Red-tailed Hawks typically have a nesting territory of about a half-mile to a full square mile, depending on how much food there is. Bald Eagles’ nesting territories range from 2½ square miles to as much as 15 square miles, for the same reason. But the Gyrfalcons in Finland and Scandinavia really need their space!
Birds of Prey and Nesting Territories
Written by Bob Sundstrom
This is BirdNote.
[Bald Eagle call, http://macaulaylibrary.org/audio/137879, 0.18-.22]
Nesting Bald Eagles like their privacy. But how much space between one massive nest and the next can vary a lot, and it often depends on the food supply.
Bald Eagles nest near water to hunt fish and waterbirds. And their nesting territories range from 2 and ½ square miles to as large as 15 square miles, depending on how much food there is.
[Red-tailed Hawk call, http://macaulaylibrary.org/audio/202280, 0.37-38]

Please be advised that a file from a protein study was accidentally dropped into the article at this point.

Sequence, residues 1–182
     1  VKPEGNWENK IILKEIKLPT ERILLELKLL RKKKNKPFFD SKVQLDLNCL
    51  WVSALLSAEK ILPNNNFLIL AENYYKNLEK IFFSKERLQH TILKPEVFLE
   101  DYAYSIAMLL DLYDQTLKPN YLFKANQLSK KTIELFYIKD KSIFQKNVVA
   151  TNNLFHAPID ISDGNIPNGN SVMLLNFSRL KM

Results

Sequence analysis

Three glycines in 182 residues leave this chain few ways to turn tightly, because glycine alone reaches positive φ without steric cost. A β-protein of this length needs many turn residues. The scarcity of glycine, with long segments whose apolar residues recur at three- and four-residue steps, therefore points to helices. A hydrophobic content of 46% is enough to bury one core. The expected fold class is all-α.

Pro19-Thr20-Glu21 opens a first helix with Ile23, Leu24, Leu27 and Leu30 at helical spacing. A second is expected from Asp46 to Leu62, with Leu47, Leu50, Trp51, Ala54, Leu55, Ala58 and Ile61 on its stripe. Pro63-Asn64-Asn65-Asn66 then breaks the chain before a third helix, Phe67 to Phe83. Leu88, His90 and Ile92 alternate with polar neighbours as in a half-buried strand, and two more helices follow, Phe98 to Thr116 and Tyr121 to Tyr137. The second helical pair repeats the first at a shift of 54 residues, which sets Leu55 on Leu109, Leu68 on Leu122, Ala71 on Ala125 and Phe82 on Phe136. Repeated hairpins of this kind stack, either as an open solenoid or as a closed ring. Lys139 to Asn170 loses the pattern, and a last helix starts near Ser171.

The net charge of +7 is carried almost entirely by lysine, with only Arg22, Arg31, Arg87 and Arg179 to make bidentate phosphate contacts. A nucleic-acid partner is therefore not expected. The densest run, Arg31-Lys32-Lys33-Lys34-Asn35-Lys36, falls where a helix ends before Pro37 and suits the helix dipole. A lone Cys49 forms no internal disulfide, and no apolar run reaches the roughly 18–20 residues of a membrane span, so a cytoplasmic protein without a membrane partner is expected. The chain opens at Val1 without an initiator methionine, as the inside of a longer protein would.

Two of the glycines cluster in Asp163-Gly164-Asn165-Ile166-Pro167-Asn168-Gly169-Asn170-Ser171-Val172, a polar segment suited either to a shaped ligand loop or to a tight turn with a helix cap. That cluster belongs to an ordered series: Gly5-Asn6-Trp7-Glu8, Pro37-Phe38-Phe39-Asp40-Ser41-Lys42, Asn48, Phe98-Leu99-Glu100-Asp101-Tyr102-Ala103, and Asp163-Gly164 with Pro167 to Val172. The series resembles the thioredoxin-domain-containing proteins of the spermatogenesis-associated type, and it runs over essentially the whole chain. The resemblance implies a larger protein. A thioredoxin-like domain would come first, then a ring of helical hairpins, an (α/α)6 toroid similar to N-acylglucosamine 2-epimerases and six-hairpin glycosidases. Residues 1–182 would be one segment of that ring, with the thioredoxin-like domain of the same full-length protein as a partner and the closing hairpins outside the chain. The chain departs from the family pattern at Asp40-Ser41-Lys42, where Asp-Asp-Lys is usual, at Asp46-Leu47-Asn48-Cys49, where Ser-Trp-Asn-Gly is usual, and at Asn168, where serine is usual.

Red-tailed Hawks nest in diverse habitats, from forest edges to canyon cliffs. A pair will typically have a nesting territory of about a half-mile to a full square mile.
[Gyrfalcon calls, https://macaulaylibrary.org/asset/138146 1.14-1.18]
Gyrfalcons in Finland and Scandinavia really need their space. And once again, prey plays a crucial role. They feed on pheasant-like birds called ptarmigan. And ptarmigan numbers fluctuate so wildly from year to year that raising young Gyrfalcons is a real challenge. The last thing these birds need is competition from their neighbors. In one research area, their enormous nests were found—on average—just once every one hundred and seventy-five square miles. That’s like one nesting pair in the whole city limits of Chicago.
[Gyrfalcon calls, https://macaulaylibrary.org/asset/138146, 1.14-1.18]
For BirdNote, I’m Michael Stein.
Bird sounds provided by The Macaulay Library of Natural Sounds at the Cornell Lab of Ornithology, Ithaca, New York. Bald Eagle, LNS# 137879, recorded by G. Vyn. Red-tailed Hawk, LNS# 202280, recorded by J.W. McGowan. Gyrfalcon, LNS# 138146, recorded by B.J. McCaffery.
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Narrator: Michael Stein
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© 2019 BirdNote November 2019/2021